Temporal Variations of Cloud Liquid Water during Winter Storms over the Mogollon Rim of Arizona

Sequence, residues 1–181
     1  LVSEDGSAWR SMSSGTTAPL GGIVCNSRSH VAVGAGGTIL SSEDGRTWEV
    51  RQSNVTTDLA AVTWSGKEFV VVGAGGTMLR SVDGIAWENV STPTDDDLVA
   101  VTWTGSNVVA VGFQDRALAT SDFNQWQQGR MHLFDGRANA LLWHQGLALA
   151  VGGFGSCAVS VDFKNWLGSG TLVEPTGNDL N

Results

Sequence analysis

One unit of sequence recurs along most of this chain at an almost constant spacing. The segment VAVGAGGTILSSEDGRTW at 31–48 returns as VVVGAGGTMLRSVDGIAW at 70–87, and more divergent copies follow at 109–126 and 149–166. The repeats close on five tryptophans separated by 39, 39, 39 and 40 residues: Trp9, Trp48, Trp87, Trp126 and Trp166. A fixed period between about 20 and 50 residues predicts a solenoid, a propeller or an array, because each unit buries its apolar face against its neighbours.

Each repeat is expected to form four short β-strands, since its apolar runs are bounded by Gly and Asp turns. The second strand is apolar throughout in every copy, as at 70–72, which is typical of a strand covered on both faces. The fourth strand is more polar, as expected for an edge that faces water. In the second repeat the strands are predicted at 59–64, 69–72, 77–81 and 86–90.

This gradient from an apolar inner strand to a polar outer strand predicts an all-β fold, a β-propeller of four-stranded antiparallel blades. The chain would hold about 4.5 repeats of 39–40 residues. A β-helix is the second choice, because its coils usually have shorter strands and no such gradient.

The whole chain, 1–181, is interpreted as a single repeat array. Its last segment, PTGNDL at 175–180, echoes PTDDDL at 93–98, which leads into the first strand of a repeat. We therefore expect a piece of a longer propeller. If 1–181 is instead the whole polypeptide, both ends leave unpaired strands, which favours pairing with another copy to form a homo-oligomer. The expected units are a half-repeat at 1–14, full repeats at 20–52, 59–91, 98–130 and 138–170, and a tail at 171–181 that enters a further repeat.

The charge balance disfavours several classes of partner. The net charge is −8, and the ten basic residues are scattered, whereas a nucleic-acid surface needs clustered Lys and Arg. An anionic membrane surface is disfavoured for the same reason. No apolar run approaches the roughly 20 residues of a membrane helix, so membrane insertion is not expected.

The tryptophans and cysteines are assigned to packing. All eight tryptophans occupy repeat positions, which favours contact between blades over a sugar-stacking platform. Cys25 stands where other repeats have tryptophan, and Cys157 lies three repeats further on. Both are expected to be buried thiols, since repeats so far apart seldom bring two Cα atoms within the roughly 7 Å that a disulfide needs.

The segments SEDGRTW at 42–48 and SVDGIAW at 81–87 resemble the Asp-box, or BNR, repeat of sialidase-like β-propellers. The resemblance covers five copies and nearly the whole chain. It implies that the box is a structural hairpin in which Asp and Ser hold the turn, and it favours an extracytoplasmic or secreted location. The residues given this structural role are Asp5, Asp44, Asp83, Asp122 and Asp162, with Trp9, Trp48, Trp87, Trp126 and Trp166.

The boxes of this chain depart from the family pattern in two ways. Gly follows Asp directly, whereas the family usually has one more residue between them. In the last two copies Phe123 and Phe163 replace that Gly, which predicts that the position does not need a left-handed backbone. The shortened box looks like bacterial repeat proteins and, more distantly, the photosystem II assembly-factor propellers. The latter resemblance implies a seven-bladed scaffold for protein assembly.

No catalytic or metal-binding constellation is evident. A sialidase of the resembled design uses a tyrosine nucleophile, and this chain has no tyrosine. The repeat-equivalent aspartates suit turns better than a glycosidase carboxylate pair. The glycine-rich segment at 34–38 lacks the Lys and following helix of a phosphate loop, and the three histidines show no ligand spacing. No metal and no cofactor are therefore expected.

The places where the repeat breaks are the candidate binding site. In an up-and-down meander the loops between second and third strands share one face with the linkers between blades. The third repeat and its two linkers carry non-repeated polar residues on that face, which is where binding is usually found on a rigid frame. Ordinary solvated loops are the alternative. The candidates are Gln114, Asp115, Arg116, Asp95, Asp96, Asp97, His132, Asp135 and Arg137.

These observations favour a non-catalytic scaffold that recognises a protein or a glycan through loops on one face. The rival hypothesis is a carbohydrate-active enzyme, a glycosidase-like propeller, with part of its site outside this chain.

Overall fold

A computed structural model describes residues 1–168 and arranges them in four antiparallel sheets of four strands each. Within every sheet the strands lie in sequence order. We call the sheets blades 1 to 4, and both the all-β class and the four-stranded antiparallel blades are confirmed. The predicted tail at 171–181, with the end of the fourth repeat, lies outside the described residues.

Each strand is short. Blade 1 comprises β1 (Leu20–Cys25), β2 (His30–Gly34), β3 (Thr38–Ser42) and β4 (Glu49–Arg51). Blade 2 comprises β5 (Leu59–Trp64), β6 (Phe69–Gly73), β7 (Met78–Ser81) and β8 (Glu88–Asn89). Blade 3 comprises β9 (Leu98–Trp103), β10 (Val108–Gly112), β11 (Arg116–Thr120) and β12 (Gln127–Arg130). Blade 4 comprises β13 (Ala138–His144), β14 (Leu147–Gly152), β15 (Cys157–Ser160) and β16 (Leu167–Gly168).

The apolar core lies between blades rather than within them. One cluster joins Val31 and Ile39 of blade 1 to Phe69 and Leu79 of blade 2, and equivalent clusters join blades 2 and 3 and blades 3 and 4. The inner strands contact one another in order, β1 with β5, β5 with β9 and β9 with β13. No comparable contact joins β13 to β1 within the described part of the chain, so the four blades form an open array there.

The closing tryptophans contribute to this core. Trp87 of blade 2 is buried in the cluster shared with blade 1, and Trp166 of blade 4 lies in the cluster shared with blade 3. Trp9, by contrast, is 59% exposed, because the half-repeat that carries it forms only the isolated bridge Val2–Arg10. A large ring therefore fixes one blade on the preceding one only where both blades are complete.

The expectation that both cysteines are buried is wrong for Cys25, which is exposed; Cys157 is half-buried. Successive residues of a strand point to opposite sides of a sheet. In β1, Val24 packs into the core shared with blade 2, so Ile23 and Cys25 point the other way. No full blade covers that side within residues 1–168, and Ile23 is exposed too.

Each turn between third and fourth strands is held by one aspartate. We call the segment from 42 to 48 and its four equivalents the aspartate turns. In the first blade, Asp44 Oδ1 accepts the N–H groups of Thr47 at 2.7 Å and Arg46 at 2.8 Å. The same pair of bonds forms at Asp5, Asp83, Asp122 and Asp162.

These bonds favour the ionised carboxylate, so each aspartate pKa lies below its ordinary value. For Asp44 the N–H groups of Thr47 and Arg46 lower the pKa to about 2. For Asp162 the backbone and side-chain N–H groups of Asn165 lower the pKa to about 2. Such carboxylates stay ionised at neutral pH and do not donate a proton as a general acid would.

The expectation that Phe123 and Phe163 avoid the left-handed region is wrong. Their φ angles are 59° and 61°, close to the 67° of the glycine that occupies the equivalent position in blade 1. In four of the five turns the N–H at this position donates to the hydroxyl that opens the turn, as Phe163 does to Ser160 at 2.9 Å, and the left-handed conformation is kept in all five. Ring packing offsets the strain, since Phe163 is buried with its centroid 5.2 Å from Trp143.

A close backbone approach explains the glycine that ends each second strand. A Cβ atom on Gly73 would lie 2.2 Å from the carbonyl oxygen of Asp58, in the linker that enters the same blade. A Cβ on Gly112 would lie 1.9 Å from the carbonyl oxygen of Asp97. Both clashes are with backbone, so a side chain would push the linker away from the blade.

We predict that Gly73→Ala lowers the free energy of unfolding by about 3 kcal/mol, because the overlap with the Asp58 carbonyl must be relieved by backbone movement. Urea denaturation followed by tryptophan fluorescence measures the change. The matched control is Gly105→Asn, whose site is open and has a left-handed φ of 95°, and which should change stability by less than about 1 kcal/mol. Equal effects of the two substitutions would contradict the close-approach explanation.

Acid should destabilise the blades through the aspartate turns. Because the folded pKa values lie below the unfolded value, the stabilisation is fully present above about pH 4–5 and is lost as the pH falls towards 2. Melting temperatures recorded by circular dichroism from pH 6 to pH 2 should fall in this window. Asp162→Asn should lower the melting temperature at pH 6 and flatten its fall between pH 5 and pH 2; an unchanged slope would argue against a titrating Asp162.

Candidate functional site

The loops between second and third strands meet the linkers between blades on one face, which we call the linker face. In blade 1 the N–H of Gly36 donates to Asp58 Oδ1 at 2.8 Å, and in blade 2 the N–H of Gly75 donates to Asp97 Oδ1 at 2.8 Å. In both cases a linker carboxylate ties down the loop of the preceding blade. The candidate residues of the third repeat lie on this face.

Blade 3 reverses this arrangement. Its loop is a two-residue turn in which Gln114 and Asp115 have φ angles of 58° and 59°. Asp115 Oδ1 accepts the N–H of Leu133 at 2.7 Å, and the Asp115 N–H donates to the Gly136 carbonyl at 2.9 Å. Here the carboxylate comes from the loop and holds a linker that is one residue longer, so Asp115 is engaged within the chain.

AbstractSeveral winter storms were observed by various instrumentation systems over the Mogollon Rim of Arizona during early 1987. The storms commonly displayed considerable temporal variability in CLW (cloud liquid water) as monitored by a microwave radiometer. The vertically integrated liquid amounts were often inversely correlated with the height of the cloud tops as measured by radar, suggesting that periods with shallow clouds and warm tops may be the most seedable. However, there were important exceptions to this general rule, associated with strong low-level horizontal winds that presumably produced significant uplift and more condensate than nature could convert to snowfall. Three storm episodes were selected for illustration of the short-term variability in CLW. It is shown that shallow clouds with abundant liquid often occurred at the beginning and ending phases of a storm, and sometimes in the middle portion as well. However, the timing and duration of the CLW periods would be very difficult to forecast, and limiting seeding operations to just CLW periods would usually be impractical. Rather, seeding would probably need to be continuous throughout most storm episodes because of inability to respond to short-term variations in available liquid water. It is suspected that the situation is similar for other mountain barriers of the West.
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